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Commentary on Emblem 4

This emblem depends for its force on an elaborate and very ancient pun on the name of Ganymede.

The Iliacan boy is Ganymede, a youth of the founding family of Troy (Ilium). Jupiter fell in love with him and, as an eagle, carried him off to heaven, to become his cup-bearer. The Maeonian is Homer (said to have come from Maeonia) who describes the moment in the Iliad 20.232. In Xenophon's Symposium (8.30) Socrates argues that

even in the case of Ganymede, it was not his person but his spiritual character that influenced Zeus to carry him up to Olympus. This is confirmed by his very name. Homer, you remember, has the words, "He joys to hear" (ganutai de t' akouon); that is to say, "he rejoices to hear"; and in another place, "harbouring shrewd devices in his heart" (pukina phresi medea eidos). This, again, means "Harbouring wise counsels in his heart." So the name given Gany-mede, compounded of the two foregoing elements, signifies not physically but mentally attractive; hence his honour among the gods.
The Loeb edition (3:471), where this translation appears, notes that the first of the phrases quoted from Homer has never been located as such in the Homeric text, and the second may be based on a number of similar expressions. So the name is a compound of two archaic words, ganutai ("he joys," "exults") and medea ("devices," "thoughts"). These words actually appear (as ganusthai medesi) on many illustrations of the emblem. As Alciato's poem makes clear, one who is seized physically (raptus) by the god will receive pleasure if judgment and understanding are also engaged in worship. And there is also a suggestion that if we rejoice in God, we too shall be ravished by him. This begins the sequence on "God, or Religion" in the standard order of the emblems.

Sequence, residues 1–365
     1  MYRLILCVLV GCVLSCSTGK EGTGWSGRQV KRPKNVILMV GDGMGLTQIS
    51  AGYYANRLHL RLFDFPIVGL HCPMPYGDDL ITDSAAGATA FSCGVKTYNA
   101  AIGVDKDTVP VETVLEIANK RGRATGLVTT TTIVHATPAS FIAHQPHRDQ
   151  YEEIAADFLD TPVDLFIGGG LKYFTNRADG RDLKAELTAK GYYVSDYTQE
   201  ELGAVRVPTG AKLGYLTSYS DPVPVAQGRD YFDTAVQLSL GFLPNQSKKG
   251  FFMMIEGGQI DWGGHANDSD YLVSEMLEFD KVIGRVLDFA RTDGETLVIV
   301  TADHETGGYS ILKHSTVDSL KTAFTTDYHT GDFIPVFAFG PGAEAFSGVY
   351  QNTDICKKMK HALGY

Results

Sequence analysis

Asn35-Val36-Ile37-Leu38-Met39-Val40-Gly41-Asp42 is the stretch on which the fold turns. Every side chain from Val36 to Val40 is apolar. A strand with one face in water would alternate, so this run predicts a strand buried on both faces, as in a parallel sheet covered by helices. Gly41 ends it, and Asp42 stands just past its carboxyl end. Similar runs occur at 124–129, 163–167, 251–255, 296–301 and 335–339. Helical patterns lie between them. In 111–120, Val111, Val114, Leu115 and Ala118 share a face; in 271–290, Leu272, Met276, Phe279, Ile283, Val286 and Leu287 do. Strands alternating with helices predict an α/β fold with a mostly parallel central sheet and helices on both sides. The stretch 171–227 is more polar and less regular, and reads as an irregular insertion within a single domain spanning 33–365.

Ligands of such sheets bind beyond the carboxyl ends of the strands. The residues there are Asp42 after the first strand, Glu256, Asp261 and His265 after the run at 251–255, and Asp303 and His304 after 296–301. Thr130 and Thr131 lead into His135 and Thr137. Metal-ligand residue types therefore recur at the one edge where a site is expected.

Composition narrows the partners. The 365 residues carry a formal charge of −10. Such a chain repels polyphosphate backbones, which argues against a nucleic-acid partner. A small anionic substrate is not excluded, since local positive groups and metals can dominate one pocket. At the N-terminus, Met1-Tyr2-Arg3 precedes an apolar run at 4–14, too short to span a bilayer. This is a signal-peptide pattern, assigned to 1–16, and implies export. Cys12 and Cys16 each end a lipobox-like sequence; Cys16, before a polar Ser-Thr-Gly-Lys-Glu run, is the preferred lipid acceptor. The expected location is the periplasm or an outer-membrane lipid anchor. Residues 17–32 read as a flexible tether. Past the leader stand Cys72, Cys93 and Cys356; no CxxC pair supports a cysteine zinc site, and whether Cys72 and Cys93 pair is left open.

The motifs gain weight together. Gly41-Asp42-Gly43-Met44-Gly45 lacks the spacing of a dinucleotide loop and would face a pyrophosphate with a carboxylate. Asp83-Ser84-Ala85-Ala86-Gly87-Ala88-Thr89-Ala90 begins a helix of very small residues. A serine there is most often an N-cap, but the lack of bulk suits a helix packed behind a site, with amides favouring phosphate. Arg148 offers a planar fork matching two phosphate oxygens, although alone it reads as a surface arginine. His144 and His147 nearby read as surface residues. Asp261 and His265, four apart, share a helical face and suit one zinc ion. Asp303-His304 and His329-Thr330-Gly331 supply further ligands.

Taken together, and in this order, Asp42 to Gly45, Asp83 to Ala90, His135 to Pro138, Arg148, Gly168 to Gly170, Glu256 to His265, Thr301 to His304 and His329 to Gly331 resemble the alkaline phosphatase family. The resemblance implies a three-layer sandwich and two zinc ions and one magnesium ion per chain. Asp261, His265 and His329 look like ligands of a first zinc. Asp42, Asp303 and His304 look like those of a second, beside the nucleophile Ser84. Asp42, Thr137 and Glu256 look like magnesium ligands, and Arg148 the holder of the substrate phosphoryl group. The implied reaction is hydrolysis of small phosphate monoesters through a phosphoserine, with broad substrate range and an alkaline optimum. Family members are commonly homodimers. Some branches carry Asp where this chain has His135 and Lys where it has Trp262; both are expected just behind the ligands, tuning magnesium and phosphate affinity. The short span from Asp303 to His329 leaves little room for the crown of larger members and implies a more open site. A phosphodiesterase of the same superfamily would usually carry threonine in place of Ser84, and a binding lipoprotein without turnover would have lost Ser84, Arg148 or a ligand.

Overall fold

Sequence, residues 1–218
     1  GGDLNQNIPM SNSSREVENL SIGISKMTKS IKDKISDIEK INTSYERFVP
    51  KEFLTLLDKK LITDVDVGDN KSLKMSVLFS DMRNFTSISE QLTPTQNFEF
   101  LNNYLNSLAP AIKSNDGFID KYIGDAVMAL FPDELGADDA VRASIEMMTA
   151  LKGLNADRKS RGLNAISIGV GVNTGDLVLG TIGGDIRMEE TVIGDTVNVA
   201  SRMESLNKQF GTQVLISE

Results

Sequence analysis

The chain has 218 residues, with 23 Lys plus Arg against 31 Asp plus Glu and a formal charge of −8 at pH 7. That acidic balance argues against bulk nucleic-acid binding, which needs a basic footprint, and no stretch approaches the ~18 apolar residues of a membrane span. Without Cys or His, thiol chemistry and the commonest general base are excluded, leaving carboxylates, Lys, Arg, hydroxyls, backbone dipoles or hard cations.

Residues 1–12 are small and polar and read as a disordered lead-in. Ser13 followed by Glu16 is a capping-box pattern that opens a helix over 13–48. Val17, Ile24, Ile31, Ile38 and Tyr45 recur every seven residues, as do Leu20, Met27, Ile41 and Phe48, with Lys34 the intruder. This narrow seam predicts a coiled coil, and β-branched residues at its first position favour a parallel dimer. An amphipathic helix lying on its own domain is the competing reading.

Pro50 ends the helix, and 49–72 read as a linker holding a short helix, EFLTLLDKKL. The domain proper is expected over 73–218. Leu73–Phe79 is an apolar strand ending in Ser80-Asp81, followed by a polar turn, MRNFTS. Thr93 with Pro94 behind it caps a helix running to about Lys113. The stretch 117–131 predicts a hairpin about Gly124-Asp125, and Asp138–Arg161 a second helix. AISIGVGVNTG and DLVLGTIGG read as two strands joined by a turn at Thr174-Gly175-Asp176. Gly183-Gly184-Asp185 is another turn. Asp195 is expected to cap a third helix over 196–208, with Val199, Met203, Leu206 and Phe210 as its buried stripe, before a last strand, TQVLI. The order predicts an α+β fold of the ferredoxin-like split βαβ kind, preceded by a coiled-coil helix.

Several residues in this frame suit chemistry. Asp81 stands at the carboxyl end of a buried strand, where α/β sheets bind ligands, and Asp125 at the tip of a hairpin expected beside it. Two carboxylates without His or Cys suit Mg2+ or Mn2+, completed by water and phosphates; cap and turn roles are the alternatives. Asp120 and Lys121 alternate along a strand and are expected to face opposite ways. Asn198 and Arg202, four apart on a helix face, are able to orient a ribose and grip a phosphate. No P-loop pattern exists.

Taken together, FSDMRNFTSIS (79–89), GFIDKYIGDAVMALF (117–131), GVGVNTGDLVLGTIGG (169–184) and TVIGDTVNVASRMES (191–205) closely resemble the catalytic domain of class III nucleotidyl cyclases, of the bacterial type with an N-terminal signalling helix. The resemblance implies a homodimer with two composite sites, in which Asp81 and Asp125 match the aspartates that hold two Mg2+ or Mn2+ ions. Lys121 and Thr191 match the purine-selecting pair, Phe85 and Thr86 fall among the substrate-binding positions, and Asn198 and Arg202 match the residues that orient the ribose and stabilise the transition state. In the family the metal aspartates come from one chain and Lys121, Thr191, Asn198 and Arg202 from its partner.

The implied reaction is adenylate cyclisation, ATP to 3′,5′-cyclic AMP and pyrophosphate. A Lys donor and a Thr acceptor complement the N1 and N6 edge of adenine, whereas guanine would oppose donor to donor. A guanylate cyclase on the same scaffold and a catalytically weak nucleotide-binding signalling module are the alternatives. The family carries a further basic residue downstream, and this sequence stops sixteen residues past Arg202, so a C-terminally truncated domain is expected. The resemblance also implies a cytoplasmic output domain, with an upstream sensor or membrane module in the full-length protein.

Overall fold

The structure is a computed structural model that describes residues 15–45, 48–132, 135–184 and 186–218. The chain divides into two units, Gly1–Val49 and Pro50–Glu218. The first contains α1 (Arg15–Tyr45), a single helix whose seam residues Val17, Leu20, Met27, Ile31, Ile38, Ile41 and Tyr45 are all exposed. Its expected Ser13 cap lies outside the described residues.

Contemporary readers would have been familiar with various references to Ganymede. The best known place was Ovid Metamorphoses 10.155-61, the song of Orpheus after he had lost his Eurydice, in which he sings of famous loves:

The king of the gods once burned with love for Phrygian Ganymede, and something was found which Jove would rather be than what he was. Still he did not deign to take the form of any bird save only that which could bear his thunderbolts. Without delay he cleft the air on his lying wings and stole away the Trojan boy, who, even now, though against the will of Juno, mingles the nectar and attends the cups of Jove.
In Pliny Natural History 34.19.79 there is a description of a statue by Leochares of "an Eagle carrying off Ganymede in which the bird is aware of what his burden is and for whom he is carrying it, and is careful not to let his claws hurt the boy even through his clothes". Lucian (d 180 AD) has two very funny Dialogues of the Gods (4 and 5 [Loeb edition 8 and 10; 7:269-75 and 7:281-91]) in which Hera and Zeus argue over Zeus's new lover and in which Zeus tries to explain to the naive shepherd boy why exactly he has carried him off and what his new duties will be, during the day - and at night.

The barking dog in the picture for 1621 comes from Virgil Aeneid 5.250-7.Aeneas gives the winner of a ship-race a cloak as a prize. On this cloak is depicted Ganymede as he is carried off by the eagle. Below "his aged guardians in vain stretch forth their hands to the stars, and the savage barking of dogs rises skyward." The barking dog is not an element in the early versions of the picture (in 1531 and 1534, for instance), but became standard later on. This modification indicates how an emblem picture can develop independently of the text, instead becoming associated with the interpretive commentary that accompanies the text.

We have a draft translation of the 1621 commentary on this emblem.

Last modified 11 February 1998